Archive for August, 2019

Denver Patent Office — 5 Year Anniversary

Saturday, August 17th, 2019

Director Iancu will be at the Denver Patent Office on August 30th to celebrate the 5th year anniversary of the Denver Patent Office.

You can learn more about the event at this [link].

Iancu Fireside Chat — Denver August 2019

Monday, August 12th, 2019

Director Iancu will be holding one of his Fireside Chats here in Denver at the end of the month. Todd Dickinson will be interviewing him. I don’t know, yet, if there will be a corresponding event at the Denver Patent Office.

You can see one of Director Iancu’s previous Fireside Chats, with Judge O’Malley of the Federal Circuit, below:

Oral Argument of the day: Windy City v. Facebook

Thursday, August 8th, 2019

If you have sixty-seven minutes to spare, you might want to check out yesterday’s oral argument in Facebook v. Windy City Innovations (CJ Prost, O’Malley, Plager). It is an interesting and well-argued one. The case concerned statutory interpretation of the AIA’s joinder statute.

A few of the issues that cropped up in the oral argument were:

  1. Why didn’t the PTO intervene in the case to address whether its precedential opinion should be given Chevron deference?
  2. Should the PTO’s precedential opinion panel (POP) decisions be given Chevron deference?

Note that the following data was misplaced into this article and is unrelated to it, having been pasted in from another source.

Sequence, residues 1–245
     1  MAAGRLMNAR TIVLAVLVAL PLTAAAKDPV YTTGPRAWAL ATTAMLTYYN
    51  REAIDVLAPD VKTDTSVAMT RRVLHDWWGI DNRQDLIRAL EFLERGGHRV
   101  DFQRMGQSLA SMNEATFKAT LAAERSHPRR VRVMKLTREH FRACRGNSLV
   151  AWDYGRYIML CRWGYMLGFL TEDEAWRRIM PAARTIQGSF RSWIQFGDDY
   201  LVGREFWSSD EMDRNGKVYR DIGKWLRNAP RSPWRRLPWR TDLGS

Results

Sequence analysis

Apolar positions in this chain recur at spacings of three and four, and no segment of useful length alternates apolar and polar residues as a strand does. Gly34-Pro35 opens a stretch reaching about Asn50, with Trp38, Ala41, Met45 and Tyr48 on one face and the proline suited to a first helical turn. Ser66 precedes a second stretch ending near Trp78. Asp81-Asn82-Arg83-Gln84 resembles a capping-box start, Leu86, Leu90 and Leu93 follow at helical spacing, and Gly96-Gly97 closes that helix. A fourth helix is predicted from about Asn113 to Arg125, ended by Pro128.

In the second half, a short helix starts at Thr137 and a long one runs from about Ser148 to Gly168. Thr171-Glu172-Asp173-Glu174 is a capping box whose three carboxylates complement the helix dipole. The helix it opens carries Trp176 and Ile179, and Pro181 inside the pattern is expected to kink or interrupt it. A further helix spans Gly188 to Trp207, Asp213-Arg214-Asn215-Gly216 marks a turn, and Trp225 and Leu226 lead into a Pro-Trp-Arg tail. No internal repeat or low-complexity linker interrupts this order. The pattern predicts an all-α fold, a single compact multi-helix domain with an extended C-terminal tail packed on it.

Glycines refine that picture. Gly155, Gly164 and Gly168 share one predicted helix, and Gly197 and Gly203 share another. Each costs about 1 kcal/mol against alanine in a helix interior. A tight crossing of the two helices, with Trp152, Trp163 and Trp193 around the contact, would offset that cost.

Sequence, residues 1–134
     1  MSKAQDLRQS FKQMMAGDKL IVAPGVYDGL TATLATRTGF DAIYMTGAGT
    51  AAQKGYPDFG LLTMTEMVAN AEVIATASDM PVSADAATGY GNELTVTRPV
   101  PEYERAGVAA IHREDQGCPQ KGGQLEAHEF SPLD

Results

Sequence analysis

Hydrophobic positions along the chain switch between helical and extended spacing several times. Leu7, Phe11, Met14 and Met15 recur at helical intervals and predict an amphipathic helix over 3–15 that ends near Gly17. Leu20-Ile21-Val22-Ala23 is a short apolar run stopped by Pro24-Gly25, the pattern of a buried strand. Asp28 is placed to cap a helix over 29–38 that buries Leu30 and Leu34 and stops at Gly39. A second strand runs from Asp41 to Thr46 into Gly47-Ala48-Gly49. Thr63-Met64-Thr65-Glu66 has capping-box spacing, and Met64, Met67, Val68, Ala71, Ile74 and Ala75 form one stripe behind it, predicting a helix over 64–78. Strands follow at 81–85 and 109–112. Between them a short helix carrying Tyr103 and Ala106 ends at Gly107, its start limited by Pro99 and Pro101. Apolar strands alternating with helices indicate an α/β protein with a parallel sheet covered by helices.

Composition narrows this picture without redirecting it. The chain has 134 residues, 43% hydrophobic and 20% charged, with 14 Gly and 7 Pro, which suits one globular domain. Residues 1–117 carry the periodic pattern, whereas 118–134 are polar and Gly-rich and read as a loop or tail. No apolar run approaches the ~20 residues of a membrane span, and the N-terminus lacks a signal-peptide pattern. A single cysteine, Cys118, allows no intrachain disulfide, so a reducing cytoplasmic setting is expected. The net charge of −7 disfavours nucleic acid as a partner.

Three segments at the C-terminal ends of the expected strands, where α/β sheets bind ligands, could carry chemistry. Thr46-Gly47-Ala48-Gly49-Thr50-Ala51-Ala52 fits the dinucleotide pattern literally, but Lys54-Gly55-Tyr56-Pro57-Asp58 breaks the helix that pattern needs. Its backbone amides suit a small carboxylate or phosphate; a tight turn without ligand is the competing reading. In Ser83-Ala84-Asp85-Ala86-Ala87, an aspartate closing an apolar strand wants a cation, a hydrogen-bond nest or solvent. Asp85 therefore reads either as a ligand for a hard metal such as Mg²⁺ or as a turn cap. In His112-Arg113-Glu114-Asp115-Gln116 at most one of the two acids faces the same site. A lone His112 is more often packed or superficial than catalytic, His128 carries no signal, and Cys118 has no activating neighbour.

3. Did Congress error by referring to infringement of a patent vs. infringement of a patent claim(s) in the AIA?
  4. Is the statute ambiguous?
  5. Is there a clerical error in the statute?
  6. Should the court ask the PTO for its thoughts — even though the PTO chose not to weigh-in in the first instance?

Judge Plager expressed the view that the USPTO’s precedential opinion panel decisions were not entitled to Chevron deference:

During the oral argument, the panel was receptive of counsel’s individual experiences during patent infringement litigation (or maybe now we need to say patent claim infringement litigation) and IPR proceedings. Interesting. Some might think that that type of information is not of-record and mere unchallenged attorney testimony.

Judge Prost used an expression that I had not heard before. The way it rolled off her lips, perhaps it is a mantra used in appellate judge chambers around the country: “Too bad, so sad. Go to Congress and get them to make an amendment.

This oral argument is a good example of how seriously the judges of the Federal Circuit view their role in trying to make the system work for all of those impacted by a statute — including those not represented in the proceeding. The extensive questioning makes this abundantly clear.

You can listen to the entire oral argument here:

The briefing in an earlier iteration of this case is available at this prior post: [ ].

Federal Circuit Riding Circuit to Dallas

Friday, August 2nd, 2019

The Federal Circuit will sit in Dallas this October for part of its oral argument session.

The schedule announced on the Federal Circuit website is below [link]:

The court also sat for oral arguments in Minnesota in April 2019.